The Carolina Panthers have been underwhelming since their surprising 3-0 start to the 2021 NFL season. The team peaked way too early, and now the front office is left scrambling. Carolina recently fired offensive coordinator Joe Brady during its bye week. Even though Cam Newton just arrived back in town, he’s not absolving himself of any blame.
Cam Newton feels partially responsible for Joe Brady’s firing
Carolina Panthers head coach Matt Rhule tapped Joe Brady to join his coaching staff before the 2020 season. Before arriving in Carolina, Brady served as the passing game coordinator and wide receivers coach at LSU.
The former college coach’s time in the NFL was short-lived, as the Panthers parted ways with him in just his second season.
The front office signed Cam Newton in Week 10 to replace the injured Sam Darnold. Even with the new arrival, Carolina has still struggled offensively. Newton recently admitted that he deserves some blame for the offense’s struggles.
“Do I think I had something to do with it?” Newton said per ESPN. “The competitor in me, absolutely, yes. Because the truth of the matter is you don’t lose your job because of success.”
Obviously, the offensive coordinator is drawing up schemes and calling plays. However, the veteran quarterback knows he plays a vital role in running the show as well.
“Where I’m at now is doing what I can control to make sure that I have a job, too. Let’s just be honest.”
Newton played well in limited action against the Arizona Cardinals in Week 10. He wasn’t bad against Washington, either. However, he stunk it up in the loss to Miami in Week 12.
Newton completed 5 of 21 pass attempts for 92 yards, zero touchdowns, and two interceptions. He finished with an abysmal 5.8 quarterback rating before Matt Rhule sent him to the bench.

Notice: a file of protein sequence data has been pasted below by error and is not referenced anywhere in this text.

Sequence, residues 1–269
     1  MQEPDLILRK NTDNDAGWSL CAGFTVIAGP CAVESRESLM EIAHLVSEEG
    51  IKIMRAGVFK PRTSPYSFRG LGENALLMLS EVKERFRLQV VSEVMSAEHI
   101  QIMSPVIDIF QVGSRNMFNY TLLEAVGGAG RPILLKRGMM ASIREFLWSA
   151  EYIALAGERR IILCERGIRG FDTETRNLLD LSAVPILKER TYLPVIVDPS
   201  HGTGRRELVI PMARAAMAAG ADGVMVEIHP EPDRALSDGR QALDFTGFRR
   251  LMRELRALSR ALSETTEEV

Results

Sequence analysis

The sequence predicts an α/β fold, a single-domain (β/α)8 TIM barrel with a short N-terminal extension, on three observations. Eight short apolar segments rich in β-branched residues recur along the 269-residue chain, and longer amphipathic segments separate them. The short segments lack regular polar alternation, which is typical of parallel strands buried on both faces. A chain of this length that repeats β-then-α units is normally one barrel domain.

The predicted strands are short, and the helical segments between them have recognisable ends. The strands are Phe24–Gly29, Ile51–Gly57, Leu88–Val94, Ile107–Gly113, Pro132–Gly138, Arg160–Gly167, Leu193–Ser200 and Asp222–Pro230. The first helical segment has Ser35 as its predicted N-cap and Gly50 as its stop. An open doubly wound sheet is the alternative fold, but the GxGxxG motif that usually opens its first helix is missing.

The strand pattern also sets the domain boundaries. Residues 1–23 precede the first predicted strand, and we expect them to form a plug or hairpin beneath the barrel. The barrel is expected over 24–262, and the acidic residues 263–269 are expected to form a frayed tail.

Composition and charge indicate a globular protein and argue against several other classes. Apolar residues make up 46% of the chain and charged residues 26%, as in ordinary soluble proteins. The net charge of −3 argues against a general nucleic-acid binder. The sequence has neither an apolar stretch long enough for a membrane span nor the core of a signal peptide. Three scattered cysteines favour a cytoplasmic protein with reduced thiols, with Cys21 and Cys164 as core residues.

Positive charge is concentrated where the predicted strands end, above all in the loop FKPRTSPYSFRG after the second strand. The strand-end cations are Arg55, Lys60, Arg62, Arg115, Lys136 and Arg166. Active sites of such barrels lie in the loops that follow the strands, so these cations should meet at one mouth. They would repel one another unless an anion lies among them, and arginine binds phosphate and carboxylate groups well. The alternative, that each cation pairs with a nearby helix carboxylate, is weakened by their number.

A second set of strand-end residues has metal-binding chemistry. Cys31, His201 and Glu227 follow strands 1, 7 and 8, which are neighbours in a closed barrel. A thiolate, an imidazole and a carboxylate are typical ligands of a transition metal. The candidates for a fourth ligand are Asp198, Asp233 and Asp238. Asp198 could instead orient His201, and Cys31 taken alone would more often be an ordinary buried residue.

The Panthers’ offense was declining before Newton arrived
Cam Newton must be better than what he was against the Dolphins. However, the offense wasn’t exactly humming before he arrived in Carolina.
The Panthers got off to a hot start, winning the first three games of the season. The defense was playing lights out, and the offense effectively moved the football at times. Sam Darnold was playing surprisingly well, and appeared to turn a corner after a rough three seasons with the New York Jets.
The smooth operation came to an abrupt halt, though. Carolina went on a four-game losing streak, killing all momentum the team built early in the season.
The Panthers averaged just over 19 points and 281 yards of total offense during that stretch.
Before Darnold went down, the offense went three straight games without scoring a touchdown. In reality, the offense was never really that good. The defense was elite and masked the inefficiencies of the offense.
Brady’s background coaching an explosive LSU offense that featured Joe Burrow, Ja’Marr Chase, and Justin Jefferson helped him land this gig. However, his inability to adapt and make adjustments caused him to lose the job.
In the wake of Joe Brady’s firing, Matt Rhule promoted senior offensive assistant/running backs coach Jeff Nixon to offensive coordinator.
Carolina must make changes in the offseason
Even with Brady gone and Nixon stepping in, getting back on the winning track won’t be an easy feat for the Carolina Panthers.
The Panthers have a brutal five-game stretch to close out the 2021 season, including two matchups against the Tampa Bay Buccaneers. They come out of their bye week at 5-7, but it wouldn’t be surprising if the Panthers lost the rest of their games. They don’t have Superman Cam Newton under center.
Defensive coordinator Phil Snow’s unit ranks in the top 10 but has fallen off as the season progresses. The defense has suffered some injuries, most notably to rookie cornerback Jaycee Horn. However, the offense’s ineptitude has put more pressure on the defense to keep the Panthers competitive.
Though the Panthers are technically still in playoff contention, the likelihood of them making the postseason seems slim. It’s back to the drawing board in the offseason.
Carolina has plenty of talented pieces on its roster, both sides of the ball included. From D.J. Moore to Christian McCaffrey to Brian Burns, the Panthers have a solid core to build around. Still, the inconsistency from the quarterback position is holding this team back.
Owner David Tepper and general manager Scott Fitterer must make a concerted effort to sure up the position in the offseason. If they don’t, the Panthers could waste their budding potential.
All stats courtesy of Pro Football Reference